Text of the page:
- For infection, 100 μl of spore solution is applied intratracheally into female mice (C57/BL6, 8–10 weeks old, Harlan, Germany). If neutrophils are to be observed as well, the use of Lys-EGFP mice, carrying EGFP under the lysozyme promotor1 is recommended. Begin by anesthetizing the animal with a single i.p. injection of 150 μl Ketamin/Rompun solution (Inresa Arzneimittel GmbH, Freiburg, Germany (Ketamin) and Bayer Vital GmbH, Leverkusen, Germany (Rompun), 1 ml Ketamin [50 mg/ml] + 0.5 ml Rompun [2 %] + 3.5 ml sterile NaCl [0.9 %]). 5 minutes later the anesthetized mouse can be fixed with an elastic band by its teeth to the ramp (i.e. a sloped surface) to facilitate the intubation (supplemental figure 1). Using forceps, the tongue is pulled to one side and a 22G indwelling venous catheter (B. Braun AG, Melsungen, Germany, Vasofix Braunüle) can be gently inserted into the trachea under permanent illumination with a goose neck lamp. The successful insertion of the catheter is verified by observing regular movement of the animal's thorax with the frequency of the mechanical ventilator. When the successful intubation has been confirmed, 100 μl spore suspension is applied using a 100 μl micropipette. This volume should be inhaled by the animal without any additional help in 1-2 s. An enhanced distribution of fungal particles inside the lung is achieved by mechanically ventilating the infected animal for 2 minutes with a small animal respirator (MiniVent, Hugo Sachs, March-Hugstetten, Germany) at rate of 250 breaths per minute and an inhalation volume of 300 μl per breath (supplemental figure 2). After the infection animals are returned to their cage and observed every 5 minutes until ambulatory again. Mice do not show any evidence of pain or distress during the following incubation period.
2. Lung preparation
- 7 h after infection with the spores, the animal is euthanized by an overdose of isoflurane (Baxter GmbH, Unterschleiβheim, Germany) until movements and breathing have ceased for more than 30 seconds. This is then followed by thoracotomy as a secondary method to assure clinical death and allow for visualization and access of the trachea and lungs. Then the chest is carefully opened to expose the lung and the upper respiratory tract. Then another 22G indwelling venous catheter is inserted into the trachea starting from the exposed epiglottis. Through this tubule the lungs are filled with 1 ml pre-warmed low melting agarose (2 % w/v, Promega, Mannheim, Germany) using a 1 ml Omnifix syringe (B.Braun). As soon as the lungs are filled the trachea is tied off with a short piece of sewing thread and the whole animal is put into a refrigerator at 4 °C.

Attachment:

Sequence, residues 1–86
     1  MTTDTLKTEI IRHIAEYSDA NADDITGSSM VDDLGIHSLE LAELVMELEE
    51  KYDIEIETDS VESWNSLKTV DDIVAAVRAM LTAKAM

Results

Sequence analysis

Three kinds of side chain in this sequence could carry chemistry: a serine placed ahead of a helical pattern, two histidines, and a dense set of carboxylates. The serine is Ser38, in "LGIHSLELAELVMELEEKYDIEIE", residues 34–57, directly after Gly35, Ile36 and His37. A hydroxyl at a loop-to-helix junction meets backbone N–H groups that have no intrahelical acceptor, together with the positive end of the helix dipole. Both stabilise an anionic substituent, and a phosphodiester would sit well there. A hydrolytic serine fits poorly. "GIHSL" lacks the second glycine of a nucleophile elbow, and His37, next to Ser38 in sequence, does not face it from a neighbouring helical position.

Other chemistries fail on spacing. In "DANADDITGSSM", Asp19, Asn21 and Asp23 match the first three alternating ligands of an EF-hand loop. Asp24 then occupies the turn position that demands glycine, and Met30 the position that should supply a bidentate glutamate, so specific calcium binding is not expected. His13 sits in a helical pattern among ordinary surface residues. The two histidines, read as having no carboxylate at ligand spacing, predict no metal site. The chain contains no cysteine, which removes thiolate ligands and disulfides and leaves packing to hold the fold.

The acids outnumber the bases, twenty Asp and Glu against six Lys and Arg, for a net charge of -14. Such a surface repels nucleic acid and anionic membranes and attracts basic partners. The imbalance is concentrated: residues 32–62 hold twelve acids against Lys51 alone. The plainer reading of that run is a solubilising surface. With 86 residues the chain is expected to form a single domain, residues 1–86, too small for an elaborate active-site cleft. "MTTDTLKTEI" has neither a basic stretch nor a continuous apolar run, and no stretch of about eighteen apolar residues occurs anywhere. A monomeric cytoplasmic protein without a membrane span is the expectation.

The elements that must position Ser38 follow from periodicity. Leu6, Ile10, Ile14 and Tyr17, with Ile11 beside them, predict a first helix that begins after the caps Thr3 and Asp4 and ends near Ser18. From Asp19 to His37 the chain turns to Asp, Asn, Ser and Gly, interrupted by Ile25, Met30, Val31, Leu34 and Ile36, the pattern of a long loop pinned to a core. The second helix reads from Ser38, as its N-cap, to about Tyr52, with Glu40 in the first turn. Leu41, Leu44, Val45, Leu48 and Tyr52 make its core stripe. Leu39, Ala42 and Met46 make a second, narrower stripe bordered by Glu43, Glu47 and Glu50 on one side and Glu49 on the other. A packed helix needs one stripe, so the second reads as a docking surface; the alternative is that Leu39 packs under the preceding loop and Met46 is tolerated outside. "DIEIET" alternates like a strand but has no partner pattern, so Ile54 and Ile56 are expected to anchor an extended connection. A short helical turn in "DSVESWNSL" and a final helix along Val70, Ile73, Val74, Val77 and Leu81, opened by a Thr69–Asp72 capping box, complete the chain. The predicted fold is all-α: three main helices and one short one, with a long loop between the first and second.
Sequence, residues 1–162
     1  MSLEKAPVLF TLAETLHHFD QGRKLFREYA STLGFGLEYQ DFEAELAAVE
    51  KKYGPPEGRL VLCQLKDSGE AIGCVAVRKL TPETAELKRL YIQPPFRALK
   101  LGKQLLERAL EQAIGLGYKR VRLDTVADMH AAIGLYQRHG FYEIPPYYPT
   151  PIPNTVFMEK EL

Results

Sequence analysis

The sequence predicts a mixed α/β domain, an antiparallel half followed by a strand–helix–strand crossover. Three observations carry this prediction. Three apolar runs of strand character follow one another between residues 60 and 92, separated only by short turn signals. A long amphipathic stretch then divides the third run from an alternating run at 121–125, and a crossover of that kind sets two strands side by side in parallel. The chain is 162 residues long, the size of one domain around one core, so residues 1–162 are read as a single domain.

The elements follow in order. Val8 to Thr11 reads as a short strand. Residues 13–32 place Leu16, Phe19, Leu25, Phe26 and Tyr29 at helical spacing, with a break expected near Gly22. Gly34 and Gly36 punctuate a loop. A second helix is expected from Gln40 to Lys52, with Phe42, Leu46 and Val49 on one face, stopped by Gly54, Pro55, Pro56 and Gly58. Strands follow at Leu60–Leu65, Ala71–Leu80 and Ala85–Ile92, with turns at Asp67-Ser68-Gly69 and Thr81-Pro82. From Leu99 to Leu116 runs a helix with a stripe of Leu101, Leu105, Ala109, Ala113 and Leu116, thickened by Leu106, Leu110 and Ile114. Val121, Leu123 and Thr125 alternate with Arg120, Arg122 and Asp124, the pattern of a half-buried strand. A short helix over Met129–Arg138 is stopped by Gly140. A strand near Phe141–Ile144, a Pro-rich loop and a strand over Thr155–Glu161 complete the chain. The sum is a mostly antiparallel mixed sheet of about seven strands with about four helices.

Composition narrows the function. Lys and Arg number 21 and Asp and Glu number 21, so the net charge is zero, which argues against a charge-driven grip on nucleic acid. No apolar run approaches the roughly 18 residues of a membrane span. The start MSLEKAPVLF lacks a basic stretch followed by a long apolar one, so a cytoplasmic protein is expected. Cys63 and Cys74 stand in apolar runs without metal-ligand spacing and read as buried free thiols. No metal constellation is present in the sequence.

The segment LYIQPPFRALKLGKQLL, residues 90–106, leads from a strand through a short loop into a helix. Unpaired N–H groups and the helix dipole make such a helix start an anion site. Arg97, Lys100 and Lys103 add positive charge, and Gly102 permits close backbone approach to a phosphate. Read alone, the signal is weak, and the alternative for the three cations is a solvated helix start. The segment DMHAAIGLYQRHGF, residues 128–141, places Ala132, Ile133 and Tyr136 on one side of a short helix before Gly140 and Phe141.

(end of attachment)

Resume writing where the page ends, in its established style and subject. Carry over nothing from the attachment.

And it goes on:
- 15 min later, when the agarose has solidified, the whole lung is excised beginning from the trachea. Using a pair of sharp pointed scissors, the right lung lobe is subsequently removed, the bottom surface is briefly dried on a sheet of tissue paper and then the whole lobe is glued to the preparation block of a vibratome (Campden Instruments, UK, 752M Vibroslice) using a drop of tissue adhesive for fixation (Carl Roth GmbH, Karlsruhe, Germany, Roti-Coll 1). After 1 min the block is installed in the cutting chamber of the vibratome, which is filled with pre-chilled (4°C) PBS. The vibratome is set to a mid-range vibration (5 out of 10 max.) and also moderate speed (5 out of 10 max.) such that a horizontal cross section of the lung is produced. The upper half of the organ is then transferred into a small plastic Petri dish (5 cm diameter) where it is inverted and fixed with a self-made flat washer (1 cm inner diameter) that is covered by a set of parallel nylon threads, each 1 mm apart (supplemental figure 3). Finally the Petri dish is filled with 10 ml PBS supplemented with 10 μl of the DNA dye Sytox Orange [5 mM] (Invitrogen, Germany) resulting in a final dye concentration of 5 μM.